Anuradha Roy’s debut novel, An Atlas of Impossible Longing, was a favorite among readers and literary critics alike. She hasn’t lost her talent for beautiful prose, vivid descriptions, and wonderful storytelling in her second novel, The Folded Earth (Free Press, 2012).
Released in the UK and India in May 2011, The Folded Earth has been reprinted in 16 languages, shortlisted for The Hindu 2011 Literary Prize for Best Fiction and longlisted for the 2011 Man Asian Literary Prize..
The Folded Earth flows with genius and love of language as it tells the story of Maya, who flees to Ranikhet in an attempt to escape the loss of her husband Michael. Ranikhet is a rural village in the Himalayas’ foothills, and readers can’t help but feel Maya’s pain and solitude as well as peer into her perspectives on her landlord and friend Diwan Shahib, an eccentric former nobleman, and a feisty peasant girl, Charu, who convinces Maya to teach her how to read and write.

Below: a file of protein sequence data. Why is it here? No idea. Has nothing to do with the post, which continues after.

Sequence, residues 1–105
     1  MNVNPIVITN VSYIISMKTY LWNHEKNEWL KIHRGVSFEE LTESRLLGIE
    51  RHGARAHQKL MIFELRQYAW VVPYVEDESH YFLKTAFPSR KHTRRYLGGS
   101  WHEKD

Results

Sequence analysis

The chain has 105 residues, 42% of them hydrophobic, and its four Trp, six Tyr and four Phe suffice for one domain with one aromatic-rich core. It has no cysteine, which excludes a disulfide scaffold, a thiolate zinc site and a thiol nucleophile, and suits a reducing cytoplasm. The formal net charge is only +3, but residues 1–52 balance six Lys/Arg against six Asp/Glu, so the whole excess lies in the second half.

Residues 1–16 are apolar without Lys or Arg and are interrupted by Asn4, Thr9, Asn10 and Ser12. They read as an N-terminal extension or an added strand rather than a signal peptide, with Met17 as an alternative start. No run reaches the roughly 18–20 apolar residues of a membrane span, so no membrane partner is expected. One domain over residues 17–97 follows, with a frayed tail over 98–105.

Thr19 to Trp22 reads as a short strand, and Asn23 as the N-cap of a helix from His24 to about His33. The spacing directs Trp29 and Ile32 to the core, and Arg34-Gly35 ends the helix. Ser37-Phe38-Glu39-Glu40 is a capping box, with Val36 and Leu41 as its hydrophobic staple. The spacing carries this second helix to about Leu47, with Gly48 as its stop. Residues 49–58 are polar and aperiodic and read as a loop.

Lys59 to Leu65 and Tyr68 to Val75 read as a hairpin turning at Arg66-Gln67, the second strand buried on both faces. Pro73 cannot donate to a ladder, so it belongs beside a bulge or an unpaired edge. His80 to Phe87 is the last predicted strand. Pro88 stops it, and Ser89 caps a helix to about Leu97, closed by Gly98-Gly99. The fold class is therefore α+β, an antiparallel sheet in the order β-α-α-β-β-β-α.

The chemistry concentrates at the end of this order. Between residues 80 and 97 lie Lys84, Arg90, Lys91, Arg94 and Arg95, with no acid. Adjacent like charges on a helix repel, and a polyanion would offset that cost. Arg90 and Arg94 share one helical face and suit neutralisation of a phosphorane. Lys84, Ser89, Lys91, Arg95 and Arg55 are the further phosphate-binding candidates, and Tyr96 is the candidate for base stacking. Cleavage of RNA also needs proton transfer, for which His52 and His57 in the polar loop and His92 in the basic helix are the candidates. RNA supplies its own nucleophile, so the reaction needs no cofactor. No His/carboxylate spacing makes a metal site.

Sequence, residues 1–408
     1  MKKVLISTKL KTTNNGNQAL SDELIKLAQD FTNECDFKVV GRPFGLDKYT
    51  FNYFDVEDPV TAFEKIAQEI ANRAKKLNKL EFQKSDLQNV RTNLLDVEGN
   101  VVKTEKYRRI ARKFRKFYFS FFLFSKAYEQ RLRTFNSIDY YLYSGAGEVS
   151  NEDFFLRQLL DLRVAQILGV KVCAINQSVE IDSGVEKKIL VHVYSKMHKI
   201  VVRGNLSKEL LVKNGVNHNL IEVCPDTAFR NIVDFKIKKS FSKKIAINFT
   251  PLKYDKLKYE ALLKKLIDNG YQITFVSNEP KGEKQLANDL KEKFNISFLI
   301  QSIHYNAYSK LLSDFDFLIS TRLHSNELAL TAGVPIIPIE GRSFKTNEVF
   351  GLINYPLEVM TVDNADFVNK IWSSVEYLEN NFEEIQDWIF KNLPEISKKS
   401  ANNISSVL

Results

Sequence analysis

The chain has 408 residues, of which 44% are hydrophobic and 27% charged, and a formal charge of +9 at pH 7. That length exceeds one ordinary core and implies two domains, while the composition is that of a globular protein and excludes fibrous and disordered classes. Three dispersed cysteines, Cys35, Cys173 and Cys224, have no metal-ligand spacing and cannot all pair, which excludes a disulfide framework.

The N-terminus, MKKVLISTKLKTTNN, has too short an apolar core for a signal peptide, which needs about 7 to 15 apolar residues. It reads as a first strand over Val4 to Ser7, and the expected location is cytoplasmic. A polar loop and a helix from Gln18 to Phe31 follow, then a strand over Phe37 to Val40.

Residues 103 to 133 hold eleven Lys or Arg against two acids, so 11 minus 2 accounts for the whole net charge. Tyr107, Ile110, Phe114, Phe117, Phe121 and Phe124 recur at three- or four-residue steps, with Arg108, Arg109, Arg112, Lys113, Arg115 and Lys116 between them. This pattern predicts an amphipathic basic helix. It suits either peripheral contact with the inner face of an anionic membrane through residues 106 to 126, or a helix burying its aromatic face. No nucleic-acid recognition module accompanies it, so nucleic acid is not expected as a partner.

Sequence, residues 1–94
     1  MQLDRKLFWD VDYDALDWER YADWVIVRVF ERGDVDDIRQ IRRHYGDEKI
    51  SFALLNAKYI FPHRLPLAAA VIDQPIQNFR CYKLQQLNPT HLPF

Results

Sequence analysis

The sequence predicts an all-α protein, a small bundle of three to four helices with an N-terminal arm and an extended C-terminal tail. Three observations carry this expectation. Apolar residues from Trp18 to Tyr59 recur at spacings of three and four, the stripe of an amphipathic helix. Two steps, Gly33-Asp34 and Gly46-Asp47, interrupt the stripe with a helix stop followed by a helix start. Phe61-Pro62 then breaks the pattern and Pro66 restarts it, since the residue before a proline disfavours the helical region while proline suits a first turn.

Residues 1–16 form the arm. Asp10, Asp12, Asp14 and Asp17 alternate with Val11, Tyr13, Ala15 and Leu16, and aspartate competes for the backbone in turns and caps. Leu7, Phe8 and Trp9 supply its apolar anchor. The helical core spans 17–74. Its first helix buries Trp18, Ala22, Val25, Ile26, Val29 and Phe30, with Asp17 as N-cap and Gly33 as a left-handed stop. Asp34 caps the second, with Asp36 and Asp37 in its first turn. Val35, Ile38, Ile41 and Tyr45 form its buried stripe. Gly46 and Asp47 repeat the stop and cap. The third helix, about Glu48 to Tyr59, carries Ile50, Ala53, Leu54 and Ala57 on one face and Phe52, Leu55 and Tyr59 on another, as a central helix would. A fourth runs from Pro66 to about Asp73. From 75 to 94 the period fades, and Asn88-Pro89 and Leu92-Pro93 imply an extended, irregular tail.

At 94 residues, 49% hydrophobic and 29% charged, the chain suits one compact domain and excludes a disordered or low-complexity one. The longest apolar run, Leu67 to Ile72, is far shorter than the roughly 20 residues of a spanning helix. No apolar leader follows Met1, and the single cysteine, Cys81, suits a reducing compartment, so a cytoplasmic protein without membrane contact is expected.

If there’s ever an excellent example of “show versus tell” in novel writing, The Folded Earth rates at the top. Not only was it not difficult to become immersed into the story right away, but also easy to picture the scenery in my mind of the rural village and appearances of each character.
Just as she had in An Atlas of Impossible Longing,, Anuradha Roy displays a strong literary gift of blending psychology with nature. It is a beautiful book that shouldn’t be missed.